The 33 passengers who found themselves stuck in mid-air at a high altitude overnight in French Alps were all rescued by Friday morning.
According to CNN, the cable cars stopped unexpectedly around 4:30 p.m. local time when the cables crossed over each other on Thursday between Aiguille du Midi in France and Pointe Helbronner in Italy. 110 Passengers were suspended just less than 4 000 meters in the air, most of whom were able to be brought to safety by French and Italian rescue teams. The remaining 33, however, were not as fortunate and had to brave the frosty night until the rescue teams were able to assist them early Friday morning.
Rescue teams used helicopters to help passengers to safety, however, when night fell they could no longer continue with the evacuation mission and had to wait until the next day.
One of the overnight passengers, Clément Delisle, spoke to French television channel BFMTV about his experience suspended so high in freezing conditions. He reported that he, along with the others, had spent a sleepless night filled with fear, boredom and intense cold. He mentioned that initially, he, his friends and family were comforted by the survival kits which included a blanket, cereal bars, water and extra food.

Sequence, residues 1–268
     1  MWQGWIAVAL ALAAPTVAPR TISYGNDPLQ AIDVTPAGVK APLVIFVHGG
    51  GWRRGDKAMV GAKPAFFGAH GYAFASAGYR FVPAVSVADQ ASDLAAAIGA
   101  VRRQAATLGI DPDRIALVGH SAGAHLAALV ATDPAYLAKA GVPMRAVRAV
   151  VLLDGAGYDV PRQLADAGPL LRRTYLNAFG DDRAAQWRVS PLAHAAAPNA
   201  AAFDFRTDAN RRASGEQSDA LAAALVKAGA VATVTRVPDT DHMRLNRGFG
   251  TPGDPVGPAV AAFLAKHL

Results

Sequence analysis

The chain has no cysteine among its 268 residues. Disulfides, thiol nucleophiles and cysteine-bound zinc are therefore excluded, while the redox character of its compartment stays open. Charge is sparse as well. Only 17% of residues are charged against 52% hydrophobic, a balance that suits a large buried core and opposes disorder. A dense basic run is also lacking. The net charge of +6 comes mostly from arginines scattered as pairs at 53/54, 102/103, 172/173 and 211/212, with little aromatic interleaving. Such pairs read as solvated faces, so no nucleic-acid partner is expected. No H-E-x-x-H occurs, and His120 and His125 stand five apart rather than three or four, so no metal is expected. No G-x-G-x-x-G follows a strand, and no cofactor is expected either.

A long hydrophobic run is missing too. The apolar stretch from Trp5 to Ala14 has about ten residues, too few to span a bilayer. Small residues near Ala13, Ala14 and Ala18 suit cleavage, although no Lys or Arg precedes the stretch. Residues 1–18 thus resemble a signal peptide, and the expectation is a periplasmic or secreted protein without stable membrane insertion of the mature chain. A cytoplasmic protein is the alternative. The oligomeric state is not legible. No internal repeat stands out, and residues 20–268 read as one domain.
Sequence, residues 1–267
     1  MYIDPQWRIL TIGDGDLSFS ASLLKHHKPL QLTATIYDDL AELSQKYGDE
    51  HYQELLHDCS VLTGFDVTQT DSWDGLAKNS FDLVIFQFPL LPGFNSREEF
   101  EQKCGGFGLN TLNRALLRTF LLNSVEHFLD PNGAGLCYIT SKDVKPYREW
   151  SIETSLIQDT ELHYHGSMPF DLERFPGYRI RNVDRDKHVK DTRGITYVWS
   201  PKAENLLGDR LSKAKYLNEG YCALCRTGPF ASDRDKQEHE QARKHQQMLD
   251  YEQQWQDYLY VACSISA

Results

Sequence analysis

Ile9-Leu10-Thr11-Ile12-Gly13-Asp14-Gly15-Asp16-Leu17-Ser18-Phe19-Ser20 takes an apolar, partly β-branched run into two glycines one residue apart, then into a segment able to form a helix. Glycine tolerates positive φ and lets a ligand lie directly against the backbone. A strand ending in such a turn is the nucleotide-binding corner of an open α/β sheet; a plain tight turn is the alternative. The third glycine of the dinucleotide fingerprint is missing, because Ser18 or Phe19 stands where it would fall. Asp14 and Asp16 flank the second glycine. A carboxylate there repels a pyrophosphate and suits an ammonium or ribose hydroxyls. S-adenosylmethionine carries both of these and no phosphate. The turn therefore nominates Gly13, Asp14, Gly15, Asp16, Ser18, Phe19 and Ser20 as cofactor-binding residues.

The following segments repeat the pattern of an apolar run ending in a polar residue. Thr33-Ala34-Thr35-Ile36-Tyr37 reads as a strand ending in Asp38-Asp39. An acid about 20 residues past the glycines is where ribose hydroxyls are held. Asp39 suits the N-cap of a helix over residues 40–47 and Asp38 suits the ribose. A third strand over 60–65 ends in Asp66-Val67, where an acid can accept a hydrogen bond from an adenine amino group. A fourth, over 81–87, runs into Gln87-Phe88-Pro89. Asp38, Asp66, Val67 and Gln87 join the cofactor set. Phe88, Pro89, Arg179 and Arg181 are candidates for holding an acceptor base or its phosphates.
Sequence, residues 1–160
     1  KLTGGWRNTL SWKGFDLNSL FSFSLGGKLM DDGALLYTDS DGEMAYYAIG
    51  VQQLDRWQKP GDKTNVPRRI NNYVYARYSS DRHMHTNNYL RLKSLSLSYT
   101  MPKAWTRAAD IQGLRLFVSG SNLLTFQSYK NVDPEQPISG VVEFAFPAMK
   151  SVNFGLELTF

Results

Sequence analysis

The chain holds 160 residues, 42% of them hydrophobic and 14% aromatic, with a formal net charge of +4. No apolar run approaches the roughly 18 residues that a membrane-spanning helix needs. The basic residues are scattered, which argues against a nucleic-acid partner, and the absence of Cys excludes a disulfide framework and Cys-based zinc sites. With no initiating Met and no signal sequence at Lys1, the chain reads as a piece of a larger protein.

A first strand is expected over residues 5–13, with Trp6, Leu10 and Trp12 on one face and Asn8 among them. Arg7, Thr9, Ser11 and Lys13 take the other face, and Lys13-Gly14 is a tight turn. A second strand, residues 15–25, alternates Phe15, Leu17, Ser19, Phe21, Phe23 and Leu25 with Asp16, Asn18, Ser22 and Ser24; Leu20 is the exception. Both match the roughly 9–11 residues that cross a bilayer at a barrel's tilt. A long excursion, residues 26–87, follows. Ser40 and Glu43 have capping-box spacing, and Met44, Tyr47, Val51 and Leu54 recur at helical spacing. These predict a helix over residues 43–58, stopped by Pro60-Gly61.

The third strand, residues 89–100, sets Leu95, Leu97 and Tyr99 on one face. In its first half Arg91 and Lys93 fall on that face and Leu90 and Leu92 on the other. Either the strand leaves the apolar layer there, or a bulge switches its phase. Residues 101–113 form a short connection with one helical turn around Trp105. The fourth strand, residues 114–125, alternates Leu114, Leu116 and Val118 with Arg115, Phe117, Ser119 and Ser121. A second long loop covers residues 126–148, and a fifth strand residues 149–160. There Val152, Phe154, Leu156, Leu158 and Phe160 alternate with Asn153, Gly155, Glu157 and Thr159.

However, as the night turned into early morning, the survival blankets proved to be ineffective in protecting them from the cold. Clément had said that around two a.m. they started to realize that in fact, the glacier mountain was quite cold. Then at around four a.m., the blankets provided did nothing to warm their bodies.
To combat the boredom the passengers experienced, they tried to keep themselves busy through playing games and using the phone.
“It got boring after awhile, then we chatted with the other people. We also called a lot on the phone to get information or updates, and we were a little scared. We got bored a lot,” Clément said.
Delisle also mentioned that there was a Korean family in the cable car ahead of them, whom Delisle had said were in greater trouble because they did not understand the language and thus did not comprehend what was happening. He and his family showed them where they were told the survival kits were kept and tried to reassure them.
Rescue mission saves the day
Early Friday morning, the remaining passengers still suspended high in the air were brought down to safety. Antoine Burnet, marketing director for the company that runs the cable service Mont Blanc, stated that the international passengers were “tired but calm” at the time of their rescue. Medical services attended to them upon their descent.
An Italian mountain guide who was involved in the rescue mission, Mario Mochet, reported that in situations such as these, people’s first reaction tends to be panic then hours later they are overcome by gratitude to have been rescued.
Burnet suspects that it was the strong winds that caused the cables to cross. However, he assured an investigation would be conducted.
Source: The New York Times